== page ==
Steve Jobs’ latest iPhone is far from the disaster that was reported in the early stages of its US release. At the same time, while it is an undeniably impressive device, it’s perhaps not as revolutionary as earlier iterations.
The most striking difference that the iPhone 4 presents is definitely the new Retina display, which boasts the most incredible screen resolution I’ve seen on any device, ever. Also nice is the antismudge coating to the glass front and back of the device; a simple wipe with a cloth should get rid of all fingerprints and smudges, which was an area of difficulty with previous iPhones and the iPad. It comes pre-installed with the most recent operating system, iOS4 – this is also available to 3G, 3GS and iPod Touch users (but does not come as recommended to 3G users). The major addition is multitasking support: the ability to run multiple applications at once, as opposed to the previous requirement to close one to use another.
Other areas of improvement are the cameras. Plural. Yes, there are now two camera lenses: a new front-facing camera and the traditional one at the back for photo capture. Now, however, the main lens has been upgraded to 5.0MP, it can also record HD video in 720p and includes a flash. The front-facing camera, however, is primarily for a neat new feature called Face Time, which facilitates video. It’s limited to other iPhone 4 users, though, and requires a wi-fi connection, which really limits its usefulness.
Now for the much-hyped "Grip of Death”: a reception problem pertaining to the device’s external antenna and given heavy coverage in international media despite its relative infrequency out in the wild. While I could replicate the supposed grip of death – most commonly encountered by left-handed users covering the bottom left corner of the phone – it required me to clasp the device in the most unnatural manner. Even then the reception would drop by only two bars, and I’d never come close to holding it in this manner during normal use. I’m going to relegate this one to ‘non issue’ here in New Zealand.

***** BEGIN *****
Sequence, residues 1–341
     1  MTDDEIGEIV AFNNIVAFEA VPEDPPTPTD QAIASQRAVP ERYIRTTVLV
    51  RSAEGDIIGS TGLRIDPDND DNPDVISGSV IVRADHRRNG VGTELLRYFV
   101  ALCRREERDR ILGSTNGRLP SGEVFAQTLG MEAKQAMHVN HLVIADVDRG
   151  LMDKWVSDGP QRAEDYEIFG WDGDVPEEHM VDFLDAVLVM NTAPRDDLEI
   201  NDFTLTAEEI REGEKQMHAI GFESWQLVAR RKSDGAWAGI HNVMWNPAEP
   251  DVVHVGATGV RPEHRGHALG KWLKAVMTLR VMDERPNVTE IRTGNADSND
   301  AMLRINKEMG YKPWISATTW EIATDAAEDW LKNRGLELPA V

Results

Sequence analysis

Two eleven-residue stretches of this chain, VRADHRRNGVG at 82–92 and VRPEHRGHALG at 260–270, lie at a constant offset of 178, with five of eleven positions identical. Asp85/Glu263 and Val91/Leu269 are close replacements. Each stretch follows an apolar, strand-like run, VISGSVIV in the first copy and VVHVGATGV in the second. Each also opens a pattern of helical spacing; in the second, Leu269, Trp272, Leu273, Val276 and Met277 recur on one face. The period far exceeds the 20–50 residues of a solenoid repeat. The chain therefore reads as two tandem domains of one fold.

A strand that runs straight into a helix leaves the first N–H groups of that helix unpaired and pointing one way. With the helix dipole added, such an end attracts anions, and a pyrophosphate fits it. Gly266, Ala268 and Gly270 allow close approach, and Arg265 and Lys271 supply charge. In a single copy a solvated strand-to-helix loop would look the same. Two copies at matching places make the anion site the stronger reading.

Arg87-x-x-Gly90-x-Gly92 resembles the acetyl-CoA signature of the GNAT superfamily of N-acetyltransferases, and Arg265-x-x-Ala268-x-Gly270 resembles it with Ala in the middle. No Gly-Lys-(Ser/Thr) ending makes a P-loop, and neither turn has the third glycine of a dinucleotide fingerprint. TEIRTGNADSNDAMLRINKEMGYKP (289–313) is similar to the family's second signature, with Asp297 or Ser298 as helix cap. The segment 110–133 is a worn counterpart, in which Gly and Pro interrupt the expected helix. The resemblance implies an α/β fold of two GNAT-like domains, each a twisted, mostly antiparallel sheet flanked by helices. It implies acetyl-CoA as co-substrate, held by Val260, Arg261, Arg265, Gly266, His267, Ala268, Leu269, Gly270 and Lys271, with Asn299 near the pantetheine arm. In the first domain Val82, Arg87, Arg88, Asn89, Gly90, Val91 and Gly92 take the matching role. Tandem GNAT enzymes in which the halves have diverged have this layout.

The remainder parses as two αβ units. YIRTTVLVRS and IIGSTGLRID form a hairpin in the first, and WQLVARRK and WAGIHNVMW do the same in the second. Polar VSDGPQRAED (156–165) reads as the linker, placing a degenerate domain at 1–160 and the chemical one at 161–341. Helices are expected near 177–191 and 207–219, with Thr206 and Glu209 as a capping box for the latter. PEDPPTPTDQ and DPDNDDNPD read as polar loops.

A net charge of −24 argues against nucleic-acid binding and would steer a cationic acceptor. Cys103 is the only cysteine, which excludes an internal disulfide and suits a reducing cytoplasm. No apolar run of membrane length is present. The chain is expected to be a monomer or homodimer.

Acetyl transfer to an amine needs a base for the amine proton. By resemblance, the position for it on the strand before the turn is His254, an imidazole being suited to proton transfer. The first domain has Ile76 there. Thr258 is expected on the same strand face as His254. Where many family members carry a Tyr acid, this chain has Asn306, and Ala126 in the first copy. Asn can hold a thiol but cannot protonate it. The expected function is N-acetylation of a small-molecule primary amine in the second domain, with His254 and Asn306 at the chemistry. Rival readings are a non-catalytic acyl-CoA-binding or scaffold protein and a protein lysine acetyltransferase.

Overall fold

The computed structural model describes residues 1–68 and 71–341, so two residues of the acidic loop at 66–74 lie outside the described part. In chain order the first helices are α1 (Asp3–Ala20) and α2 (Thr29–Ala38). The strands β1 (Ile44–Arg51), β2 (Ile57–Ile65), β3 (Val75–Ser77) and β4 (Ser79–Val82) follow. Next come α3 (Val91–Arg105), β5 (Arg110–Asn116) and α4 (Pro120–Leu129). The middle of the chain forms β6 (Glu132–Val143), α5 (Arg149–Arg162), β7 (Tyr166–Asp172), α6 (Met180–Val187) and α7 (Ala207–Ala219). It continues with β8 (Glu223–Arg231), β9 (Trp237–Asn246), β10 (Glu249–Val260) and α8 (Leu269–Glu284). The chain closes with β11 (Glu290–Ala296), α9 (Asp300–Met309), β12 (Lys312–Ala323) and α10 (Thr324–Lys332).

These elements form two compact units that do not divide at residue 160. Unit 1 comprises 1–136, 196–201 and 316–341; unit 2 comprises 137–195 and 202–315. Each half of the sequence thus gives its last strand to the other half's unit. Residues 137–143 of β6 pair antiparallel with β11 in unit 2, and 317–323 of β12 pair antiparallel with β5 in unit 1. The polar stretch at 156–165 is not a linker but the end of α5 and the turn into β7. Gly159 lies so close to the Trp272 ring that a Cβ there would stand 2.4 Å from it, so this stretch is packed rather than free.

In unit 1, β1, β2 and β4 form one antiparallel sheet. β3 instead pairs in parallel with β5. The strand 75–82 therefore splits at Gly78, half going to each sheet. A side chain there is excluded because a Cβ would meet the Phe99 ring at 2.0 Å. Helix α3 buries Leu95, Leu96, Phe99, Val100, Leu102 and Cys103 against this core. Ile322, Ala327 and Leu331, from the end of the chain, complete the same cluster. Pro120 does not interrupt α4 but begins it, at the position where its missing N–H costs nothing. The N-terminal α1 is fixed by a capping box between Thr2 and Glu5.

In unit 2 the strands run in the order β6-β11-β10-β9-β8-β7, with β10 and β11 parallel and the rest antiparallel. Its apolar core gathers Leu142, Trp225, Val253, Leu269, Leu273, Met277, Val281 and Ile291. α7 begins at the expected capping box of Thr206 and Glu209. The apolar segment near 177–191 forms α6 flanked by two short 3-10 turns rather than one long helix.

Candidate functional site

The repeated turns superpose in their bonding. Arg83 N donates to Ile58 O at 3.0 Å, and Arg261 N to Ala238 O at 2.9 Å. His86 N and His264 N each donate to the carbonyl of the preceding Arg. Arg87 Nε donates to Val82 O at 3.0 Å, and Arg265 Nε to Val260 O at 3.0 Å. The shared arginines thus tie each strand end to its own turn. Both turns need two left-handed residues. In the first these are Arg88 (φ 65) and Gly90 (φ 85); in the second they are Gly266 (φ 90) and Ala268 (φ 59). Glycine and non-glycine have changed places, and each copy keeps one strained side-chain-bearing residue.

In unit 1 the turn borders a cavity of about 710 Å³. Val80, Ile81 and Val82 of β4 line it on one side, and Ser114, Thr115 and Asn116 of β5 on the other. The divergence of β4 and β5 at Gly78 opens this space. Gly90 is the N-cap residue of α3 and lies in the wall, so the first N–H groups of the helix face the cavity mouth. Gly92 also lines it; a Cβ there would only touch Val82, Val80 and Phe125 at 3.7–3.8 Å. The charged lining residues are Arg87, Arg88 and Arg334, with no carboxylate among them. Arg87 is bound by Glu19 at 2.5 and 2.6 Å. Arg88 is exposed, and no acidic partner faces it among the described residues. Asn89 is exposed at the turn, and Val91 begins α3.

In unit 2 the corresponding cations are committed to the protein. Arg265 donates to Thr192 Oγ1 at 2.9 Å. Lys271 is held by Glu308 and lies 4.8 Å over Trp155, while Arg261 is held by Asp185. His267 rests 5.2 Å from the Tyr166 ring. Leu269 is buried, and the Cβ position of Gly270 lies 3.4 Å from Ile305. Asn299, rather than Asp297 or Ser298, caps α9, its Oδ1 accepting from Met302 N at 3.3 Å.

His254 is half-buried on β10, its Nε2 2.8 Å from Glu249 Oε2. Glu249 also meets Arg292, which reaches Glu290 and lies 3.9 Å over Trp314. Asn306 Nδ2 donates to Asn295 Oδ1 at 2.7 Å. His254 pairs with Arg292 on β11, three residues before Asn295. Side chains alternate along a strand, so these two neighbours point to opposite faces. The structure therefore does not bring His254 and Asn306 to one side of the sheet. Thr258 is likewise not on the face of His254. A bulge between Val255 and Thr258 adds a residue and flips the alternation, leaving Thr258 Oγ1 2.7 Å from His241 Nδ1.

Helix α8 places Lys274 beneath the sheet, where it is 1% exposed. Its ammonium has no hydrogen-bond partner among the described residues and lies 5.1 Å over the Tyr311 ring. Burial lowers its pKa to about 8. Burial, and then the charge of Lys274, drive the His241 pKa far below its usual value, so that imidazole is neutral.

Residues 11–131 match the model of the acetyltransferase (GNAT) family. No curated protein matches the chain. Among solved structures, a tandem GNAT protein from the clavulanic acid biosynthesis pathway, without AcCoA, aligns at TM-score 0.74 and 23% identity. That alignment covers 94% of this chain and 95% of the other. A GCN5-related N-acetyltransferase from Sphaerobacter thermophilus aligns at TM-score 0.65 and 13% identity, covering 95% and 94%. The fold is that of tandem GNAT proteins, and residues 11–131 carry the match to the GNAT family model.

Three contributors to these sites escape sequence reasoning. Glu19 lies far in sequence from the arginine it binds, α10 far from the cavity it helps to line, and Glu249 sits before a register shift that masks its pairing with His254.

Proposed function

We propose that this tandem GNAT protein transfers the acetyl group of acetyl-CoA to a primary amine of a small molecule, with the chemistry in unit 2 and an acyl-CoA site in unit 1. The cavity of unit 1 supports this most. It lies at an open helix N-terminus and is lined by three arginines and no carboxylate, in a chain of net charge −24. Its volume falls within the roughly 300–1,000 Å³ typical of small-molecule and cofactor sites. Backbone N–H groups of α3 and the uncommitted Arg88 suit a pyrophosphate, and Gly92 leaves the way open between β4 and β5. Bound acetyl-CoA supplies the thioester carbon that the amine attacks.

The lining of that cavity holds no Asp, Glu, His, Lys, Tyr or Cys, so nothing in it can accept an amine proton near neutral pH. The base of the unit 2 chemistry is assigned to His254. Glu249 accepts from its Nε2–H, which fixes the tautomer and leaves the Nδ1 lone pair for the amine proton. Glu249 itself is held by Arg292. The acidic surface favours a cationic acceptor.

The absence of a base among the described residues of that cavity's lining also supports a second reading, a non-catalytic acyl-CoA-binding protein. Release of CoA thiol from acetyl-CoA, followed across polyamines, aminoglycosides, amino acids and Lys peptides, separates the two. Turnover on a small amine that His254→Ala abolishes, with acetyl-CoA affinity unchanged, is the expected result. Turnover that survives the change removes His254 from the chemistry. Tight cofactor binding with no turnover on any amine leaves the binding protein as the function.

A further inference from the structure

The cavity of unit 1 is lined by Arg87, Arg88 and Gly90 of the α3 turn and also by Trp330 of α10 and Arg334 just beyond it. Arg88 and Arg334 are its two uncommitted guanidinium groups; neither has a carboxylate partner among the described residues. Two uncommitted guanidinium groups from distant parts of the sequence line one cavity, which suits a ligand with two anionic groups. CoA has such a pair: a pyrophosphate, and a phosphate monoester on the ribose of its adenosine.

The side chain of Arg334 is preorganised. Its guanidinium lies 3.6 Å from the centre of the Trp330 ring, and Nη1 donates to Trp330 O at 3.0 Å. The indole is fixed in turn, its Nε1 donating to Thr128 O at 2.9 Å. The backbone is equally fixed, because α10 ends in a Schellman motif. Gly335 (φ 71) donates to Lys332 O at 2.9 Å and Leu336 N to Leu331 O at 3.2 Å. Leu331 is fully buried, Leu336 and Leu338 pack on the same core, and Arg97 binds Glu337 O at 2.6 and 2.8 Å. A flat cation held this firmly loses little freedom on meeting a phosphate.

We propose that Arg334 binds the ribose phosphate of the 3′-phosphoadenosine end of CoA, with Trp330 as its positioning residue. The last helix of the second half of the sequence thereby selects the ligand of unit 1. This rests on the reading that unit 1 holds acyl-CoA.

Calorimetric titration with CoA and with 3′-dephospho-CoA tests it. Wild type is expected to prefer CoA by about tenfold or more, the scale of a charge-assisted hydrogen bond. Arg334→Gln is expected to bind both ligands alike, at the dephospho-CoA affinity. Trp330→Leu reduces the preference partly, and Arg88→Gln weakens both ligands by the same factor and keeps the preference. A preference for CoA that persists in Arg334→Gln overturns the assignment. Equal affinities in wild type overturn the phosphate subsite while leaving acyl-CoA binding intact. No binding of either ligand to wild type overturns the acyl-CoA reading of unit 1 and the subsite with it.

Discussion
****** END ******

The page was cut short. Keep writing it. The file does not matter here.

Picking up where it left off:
Something that is a slight issue, however, is the device’s proximity sensor: a mechanism that disables the touchscreen when it detects that you have the phone to your ear. There’s been a fairly widely reported problem with the iPhone 4’s sensor, and I can confirm I encountered this issue. On a couple of occasions during use my ear inadvertently hung up a call (by hitting the onscreen "End call” button) and even attempted to initiate a Face Time call. It’s odd because this was not an issue with previous models. Anyway, Apple is reportedly working on a fix, but it’s a frustrating problem for the time being.
PROS: Improves on the iPhone 3GS in most of the right areas. Beautiful display. Super fast.
CONS: Brings a couple of problems that didn’t exist in previous models. Not really a quantum leap forward from the 3GS.
VERDICT: As an iPhone 3G user, I was worried that my time with the iPhone 4 would make my current handset appear sluggish and the display horribly dated. The iPhone 4 is absolutely the definitive version for those wishing to pick an iPhone up for the first time, and more than likely the best smartphone currently available. That said, (and thankfully for my wallet) I don’t think it presents enough reason for existing iPhone users to rush out and upgrade
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